“Just shut up and listen.  Do not screw with me on this one.  Do it right and we’re square on that favor you owe me.”

“Jesus, Tommy.  Yeah, whatever.  This won’t get me killed will it?”

“Nope.  You might spend a day or two in the pound, but that’s all.”

“I’ll be right there.”  Ten minutes later he heard the click of her heels on the floor outside.


* * * * *


It was still raining as the security guard pulled up and parked, cursing that the lot was full of cars.  With his coat over his head he ran to the door of the museum and unlocked it.  As he whipped it open a small dog raced past him into the building, setting off all the alarms. Swearing like a madman he gave chase.

A shadowy figure slipped in behind him and disappeared into the shadows.

The day shift guard came running, gun drawn.  “What the hell?”

“Shut off the fucking alarms, a goddamned dog ran past be before I could get them shut off.”


“A dog ran in and tripped the alarms.  Shut ‘em off and call off the cops while I catch that goddamned mutt.”

The second man shut off the alarms then went to help find the dog.  While the alarms were screaming the shadowy figure slipped something from a display case, then, as they chased the dog, slipped out the door again.

Eventually they caught the dog and tossed it out the door.  It raced away, around the block and hopped into the back seat of Tommy’s car.  “You get it?” asked a girl’s voice as she pulled on her clothes.

“Got it,” he replied as he passed her a hundred-dollar bill.

“Wow, square up the favor and a hundred?  Must be some haul.”

“No idea, and I don’t care.  Client’s request.”

“Yeah, works for me.  Just drop me off at my place, Tommy.”


* * * * *


Next morning the old lady was sitting at the same table, gazing out the window as Tommy jogged across the parking lot and breezed through the door.  “Morning, Dal.”

Daleran met his eyes and Tommy nodded.  “Morning, Tommy.  The usual?”

“Sure thing.”

“That’s a tall latte with a half shot of caution.”

Tommy grinned and thanked him as he passed over the drink.  Taking his morning treat, Tommy walked over to sit at the table with the old woman.  “Oops, looks like you dropped your tissue, Ma’am,” he said as he passed her a rumpled tissue.

Her eyes danced with delight as she felt the hard object inside.  A quick glance inside the tissue and her smile broadened.  “I get the right one?” he asked softly.

“You did.  What’s your fee?”

“I’ve already been paid,” he grinned as he flexed his knee and smiled.  She rose and left the table, patting him on the shoulder as she walked past.  She smiled and winked at Daleran as she walked out.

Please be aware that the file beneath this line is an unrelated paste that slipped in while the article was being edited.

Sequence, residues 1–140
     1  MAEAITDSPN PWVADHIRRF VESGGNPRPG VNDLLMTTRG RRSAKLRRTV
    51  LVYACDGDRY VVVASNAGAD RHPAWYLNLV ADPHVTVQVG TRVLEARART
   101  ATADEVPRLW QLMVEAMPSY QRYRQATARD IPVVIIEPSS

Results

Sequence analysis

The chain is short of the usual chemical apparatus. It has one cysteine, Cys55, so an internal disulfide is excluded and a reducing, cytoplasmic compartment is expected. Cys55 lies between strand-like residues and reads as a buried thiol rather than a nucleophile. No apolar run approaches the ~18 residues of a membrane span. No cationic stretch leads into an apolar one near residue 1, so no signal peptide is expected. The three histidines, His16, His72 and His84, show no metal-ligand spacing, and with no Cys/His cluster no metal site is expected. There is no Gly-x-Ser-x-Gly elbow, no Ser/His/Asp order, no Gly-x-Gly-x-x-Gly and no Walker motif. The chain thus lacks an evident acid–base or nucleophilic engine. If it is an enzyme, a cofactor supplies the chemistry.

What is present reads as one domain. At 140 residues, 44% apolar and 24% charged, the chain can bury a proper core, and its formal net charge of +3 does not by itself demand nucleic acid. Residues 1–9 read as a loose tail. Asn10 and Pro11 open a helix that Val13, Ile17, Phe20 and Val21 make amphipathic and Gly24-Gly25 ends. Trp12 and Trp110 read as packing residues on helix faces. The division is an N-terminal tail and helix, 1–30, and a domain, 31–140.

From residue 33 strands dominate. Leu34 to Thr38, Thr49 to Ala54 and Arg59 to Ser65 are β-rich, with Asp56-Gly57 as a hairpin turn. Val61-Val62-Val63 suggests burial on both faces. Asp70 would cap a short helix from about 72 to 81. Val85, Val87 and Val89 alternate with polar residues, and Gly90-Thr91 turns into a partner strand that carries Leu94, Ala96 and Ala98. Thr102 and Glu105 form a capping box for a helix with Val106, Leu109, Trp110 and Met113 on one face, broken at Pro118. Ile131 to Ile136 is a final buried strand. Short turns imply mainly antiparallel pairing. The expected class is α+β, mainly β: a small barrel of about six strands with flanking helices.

Mad Mage #5

Unicorn Rider


Tommy Cotton took his morning latte (with a half shot of caution) over to an empty table where he could see the window.  Taking a long sip, he sighed as he took note of the unmarked police car across the street.  “Do you honestly think I wouldn’t recognize you, Tarleigh?  Moron.”

Grinning to himself, Tommy took his time with the latte, keeping an eye on the man in the car trying not to be noticed.  Finally, Tommy got up and went to the counter for another coffee, straight this time.  Too much caution and he might start getting paranoid.  He returned to his seat and watched the man in the car watching him.

“That Tarleigh out there?” asked Dalaran Longstride, as he cleared away the mugs from the adjoining table.

“Yep, that’s him, the city’s finest,” grinned Tommy.

“Wonder what he’s up to?”

“Whatever it is it can’t be good, and I just know I’m not going to like it.”

“Got a plan?”

“He’s been swilling coffee since I got here.  You’ve got the only public washroom on the block.  When he breaks down and comes in, I’ll slip away.”

“You might want to visit the head yourself, you know, don’t want to get caught in your own trap.”

Tommy rose and walked away.  “Good point.”  He was soon back with another coffee but wasn’t drinking it.  He grinned as he saw the big policeman squirming in his seat.  Ten minutes later the cop got out of the car and approached the café, keeping his face averted.  As he entered the washroom, Tommy Cotton bolted through the door and drove away.

Two blocks later Tommy’s jaw dropped as he saw a beautiful woman riding a unicorn down the street.  She turned onto a side street, and, slack jawed, Tommy followed.  She had stopped and was waiting for him.  He parked and got out of the car.

She shook back her golden hair and flashed him a devastating smile.  It took him a minute to realize she’d spoken.  “Sorry, what was that?”

“I said, look back, watch the street.”

Puzzled, he looked back to see Tarleigh drive by.  “You seem to have grown a tail since we last met, Tommy.”

“We’ve met before?”

“That we have.”

Poor Tommy was getting lost in those eyes and the sweet music of her voice.  This woman was exceptional, and he was struggling a bit, not something he was accustomed to.  She started away, and he called out to her.  “Hey, what’s your name, pretty lady?”

“You can call me Zenni,” she replied then the unicorn raced away with her clinging to its back.  Her silvery laughter lingered in the, air and his mind, as she sped away and vanished around another building.

Tommy shook off the spell and got back in his car.  “Damn, I wonder just how much allure she was using.”  He fished out a small amulet from his pocket, a highly illegal amulet, and stared at it.  “Nothing.  Damn, she was completely real.  Wow.  Shake it off, Tommy, focus.  You’ve got work to do if you want to eat next week.  Get moving.”